Exercise: Rhetoric of the Image

This exercise requires reading of The Rhetoric of the Image by Roland Barthes . As I wanted to explore semiotics in more detail, I also read David Chandler’s Semiotics The Basics .

Barthes’ has text understandably featured at various stages of the OCA photography course. It is about how signs can persuade (their rhetoric) and in particular images and text. Barthes’ discussion focuses on an advertising image for ‘Italian’ food ingredients – so signs that include both image and text (not just the ‘image’). Points of interest to me on re-reading at this point in my studies are:

  • The polysemous nature of images, sits uncomfortably in a cultural environment that seeks definition, clarity and meaning, and simplification. Barthes states ‘all images are polysemous; they imply underlying their signifiers, a ‘floating chain’ of signified, the reader able to choose some and ignore others’ (ibid: 39) It is the centrality of the reader in meaning that is important; that there is not one reading and each reading echoes an individual’s psychology of perception.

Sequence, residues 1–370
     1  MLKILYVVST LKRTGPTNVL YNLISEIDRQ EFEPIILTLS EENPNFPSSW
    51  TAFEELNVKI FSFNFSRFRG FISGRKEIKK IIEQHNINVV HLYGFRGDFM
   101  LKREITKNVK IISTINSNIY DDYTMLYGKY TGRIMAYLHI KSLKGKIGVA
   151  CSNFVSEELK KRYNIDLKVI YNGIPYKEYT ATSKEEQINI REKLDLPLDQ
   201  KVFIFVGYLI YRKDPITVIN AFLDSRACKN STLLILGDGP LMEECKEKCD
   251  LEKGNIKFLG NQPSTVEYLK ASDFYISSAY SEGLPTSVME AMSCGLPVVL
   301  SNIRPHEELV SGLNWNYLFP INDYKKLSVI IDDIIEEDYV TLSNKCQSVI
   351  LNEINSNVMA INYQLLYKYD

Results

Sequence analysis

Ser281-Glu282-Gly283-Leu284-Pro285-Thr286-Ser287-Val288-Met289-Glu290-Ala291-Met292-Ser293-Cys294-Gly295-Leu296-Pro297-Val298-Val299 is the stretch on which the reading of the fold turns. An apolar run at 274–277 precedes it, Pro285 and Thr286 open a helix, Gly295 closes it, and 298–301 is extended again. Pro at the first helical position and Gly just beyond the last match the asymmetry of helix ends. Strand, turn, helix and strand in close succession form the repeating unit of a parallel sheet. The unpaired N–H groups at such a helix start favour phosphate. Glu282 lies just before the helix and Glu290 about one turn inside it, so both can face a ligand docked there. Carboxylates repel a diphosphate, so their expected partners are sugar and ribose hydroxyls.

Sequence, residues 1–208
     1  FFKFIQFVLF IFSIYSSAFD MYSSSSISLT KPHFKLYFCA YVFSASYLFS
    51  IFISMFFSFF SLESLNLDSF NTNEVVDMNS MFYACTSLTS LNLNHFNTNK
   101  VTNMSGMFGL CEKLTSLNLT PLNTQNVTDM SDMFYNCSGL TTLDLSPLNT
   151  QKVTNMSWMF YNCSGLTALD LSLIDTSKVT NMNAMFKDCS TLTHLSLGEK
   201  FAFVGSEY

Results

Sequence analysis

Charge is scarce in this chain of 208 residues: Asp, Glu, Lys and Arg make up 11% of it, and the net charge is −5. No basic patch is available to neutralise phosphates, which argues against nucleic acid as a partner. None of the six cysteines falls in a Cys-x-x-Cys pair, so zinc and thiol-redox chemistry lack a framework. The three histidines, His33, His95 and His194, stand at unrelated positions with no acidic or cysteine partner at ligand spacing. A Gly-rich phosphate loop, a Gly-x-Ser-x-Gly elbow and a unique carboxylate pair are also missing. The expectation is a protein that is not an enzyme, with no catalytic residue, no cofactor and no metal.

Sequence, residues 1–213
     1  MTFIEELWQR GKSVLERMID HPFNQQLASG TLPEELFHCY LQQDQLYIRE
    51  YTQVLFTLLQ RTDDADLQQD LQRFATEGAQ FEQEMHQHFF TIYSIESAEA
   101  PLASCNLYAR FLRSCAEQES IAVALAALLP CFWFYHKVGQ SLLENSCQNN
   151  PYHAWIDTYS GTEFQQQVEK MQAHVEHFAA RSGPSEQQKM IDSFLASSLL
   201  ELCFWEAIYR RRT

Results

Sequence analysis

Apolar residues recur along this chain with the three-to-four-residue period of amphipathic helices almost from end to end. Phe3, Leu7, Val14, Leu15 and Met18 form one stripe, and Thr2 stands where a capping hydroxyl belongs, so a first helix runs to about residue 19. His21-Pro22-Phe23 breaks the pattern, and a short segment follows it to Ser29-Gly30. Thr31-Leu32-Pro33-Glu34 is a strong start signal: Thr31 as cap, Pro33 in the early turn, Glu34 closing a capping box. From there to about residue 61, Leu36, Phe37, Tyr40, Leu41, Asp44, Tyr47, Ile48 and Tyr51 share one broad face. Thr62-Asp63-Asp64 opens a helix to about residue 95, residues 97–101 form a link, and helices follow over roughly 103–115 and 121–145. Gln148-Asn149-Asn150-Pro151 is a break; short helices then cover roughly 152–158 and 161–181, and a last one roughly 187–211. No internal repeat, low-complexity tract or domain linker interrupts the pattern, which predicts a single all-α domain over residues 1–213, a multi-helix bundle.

• In contrast, Barthes notes how society uses techniques to ‘fix the floating chain of signifieds in such a way as to counter the terror of uncertain signs‘ (ibid:39). This takes place within the context of cultural codes. For different reading of an image ‘each sign corresponds to a body of ‘attitudes’ – tourism …, … art …’ (ibid:47)
  • Barthes notes the directive nature of text in shaping meaning. Without text, images have no fixed meaning. They cannot be argued as true or false. Just as a statement cannot be argued as red or blue (EH Gombrich).

References